By now we’ve all been to enough birthday parties and activities to be able to gauge how the kids will be and how they’ll react tonight; I have some questions about how Calcifer will take the later-than-usual night but I think about how our social life has in short order come to revolve around this core group of friends. For me it feels like a constant balancing act: is my natural tendency towards taciturn shyness offset by the excuse I have hiding behind a camera? Should I instead be making more of an effort to speak or is that the role I’m in now? Is there that much that we should know about each other or is the casual nature of facebook and occasional encounters at school sufficient? So many questions, so much doubt every time we meet.

I’m looking forward to it as they’ve promised that last year there were a ton of decorations and it’s an easy couple of blocks. No pressure, just a mission in to extract candy from a strange neighborhood and we’re done. I can dig it. And it gets us out of the house for the evening though I wonder if we should go to the mall like the last couple of years too, even though there’s no particular inclination or tradition to hold up. We have good kids and it’s fun to have them head out together in a little mob, even if they seem to be inseparable we all know that entering kindergarten next year will likely scatter their social group to the winds, so it’s maybe the first and last time with this particular social network.

Mike

Stubborn Way

19 October 2011

Dear J-

Everyone always blames changes in the weather for the colds that they get but since our vacation, it’s been raiining, then hot, and now foggy again. Naturally we have been sick in some mild form or another but I’m chalking that up to having the kids in daycare and being able to freely swap viruses back and forth. Because of finances (or lack thereof) we’re pulling Calcifer out of daycare later: the double hit of another kid with the loss of the second income has meant that certain measures have to be adopted: belt-tightening is not unreasonable but I wonder about the social lessons so early on, already.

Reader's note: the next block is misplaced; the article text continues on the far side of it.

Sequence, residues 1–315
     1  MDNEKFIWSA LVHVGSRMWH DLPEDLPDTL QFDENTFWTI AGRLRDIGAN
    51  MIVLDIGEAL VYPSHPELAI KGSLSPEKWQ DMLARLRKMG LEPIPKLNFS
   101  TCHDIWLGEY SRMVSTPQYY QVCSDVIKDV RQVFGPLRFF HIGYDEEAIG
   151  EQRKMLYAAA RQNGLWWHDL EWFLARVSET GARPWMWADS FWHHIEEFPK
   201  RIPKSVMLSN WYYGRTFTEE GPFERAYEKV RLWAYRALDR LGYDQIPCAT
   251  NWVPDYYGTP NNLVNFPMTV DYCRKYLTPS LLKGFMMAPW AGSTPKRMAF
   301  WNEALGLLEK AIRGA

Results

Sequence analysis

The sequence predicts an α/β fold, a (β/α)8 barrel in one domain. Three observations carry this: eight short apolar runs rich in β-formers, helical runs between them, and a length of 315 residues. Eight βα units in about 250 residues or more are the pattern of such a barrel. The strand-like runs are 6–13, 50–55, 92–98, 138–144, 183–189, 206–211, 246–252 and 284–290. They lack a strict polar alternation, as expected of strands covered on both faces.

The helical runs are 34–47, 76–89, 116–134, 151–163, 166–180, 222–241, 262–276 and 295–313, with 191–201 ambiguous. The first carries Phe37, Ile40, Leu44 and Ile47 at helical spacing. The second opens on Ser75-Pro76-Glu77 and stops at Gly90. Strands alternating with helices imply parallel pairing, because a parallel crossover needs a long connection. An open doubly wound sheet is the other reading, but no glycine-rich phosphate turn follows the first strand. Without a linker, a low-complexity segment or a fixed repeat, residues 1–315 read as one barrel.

It’s interesting but not especially instructive to compare the two kids as they grow up as there are similarities — these two look remarkably like each other, as expected — and differences — how they deal with things. Calcifer has been unhappy with us lately which means either that he’s cutting more teeth or going through a growth spurt: you can tell by the way he hoovers up his food, and the frequency of his meals. He’s also very much more bonded to theVet, and calms down almost immediately once she picks him up, whereas he’ll rigidly arch away from me and, if necessary, twist as well. So having figgy in daycare has been good for her — she is a social rockstar in the way only four-year-olds can be, various classmates exclaiming her name excitedly as she shows up or when we run into them at stores and restaurants.

It’s a world that theVet and I don’t necessarily understand, as our first contacts with the outside world were preschool at four and I remember sitting around feeling lonely and hotly embarrassed at times by the attention that only “Michael Row the Boat Ashore” could bring, not precisely knowing or trusting what I did in front of the other kids.yesterday she came up to me and declared that we had forgotten a bouncy house and pinata for her last birthday party, and could we remember for next time, please. It’s hard to put a personality on Calcifer now because he’s mute and we don’t know what’s going on inside, necessarily, but I see signs of the same stubborn insistence already.

Mike

Talk Skills

23 July 2011

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Dear J-

At one point today I had a strange prescient moment: I saw figgy twenty years on as a newly minted lawyer cords standing prominent and spittle flying, flecks of rage and crazy in her voice and eyes daring you to keep negotiating unfavorably. If she was in charge there would be no debt crisis, no political posturing. The moment passed and I saw her again, trying to futilely bargain down the wages of bad behavior: mom had declared that she had crossed over the line sufficiently in public that there’d be a time-out waiting for her at the house.

She continues to push and push. And then she’ll push a little more for good measure: you’re not consistent enough, your threats are empty. When we were growing up we never believed that spankings would materialize but for one day, caught in a particularly hurtful lie, we had to submit. theVet and I aren’t going to resort to corporal punishment but denying privileges and taking toys away? Oh yes. And the more effective punishments are the ones that leave her reduced to tears sometimes: they come out so frequently that you learn to distinguish her working herself up versus real trauma, or can we?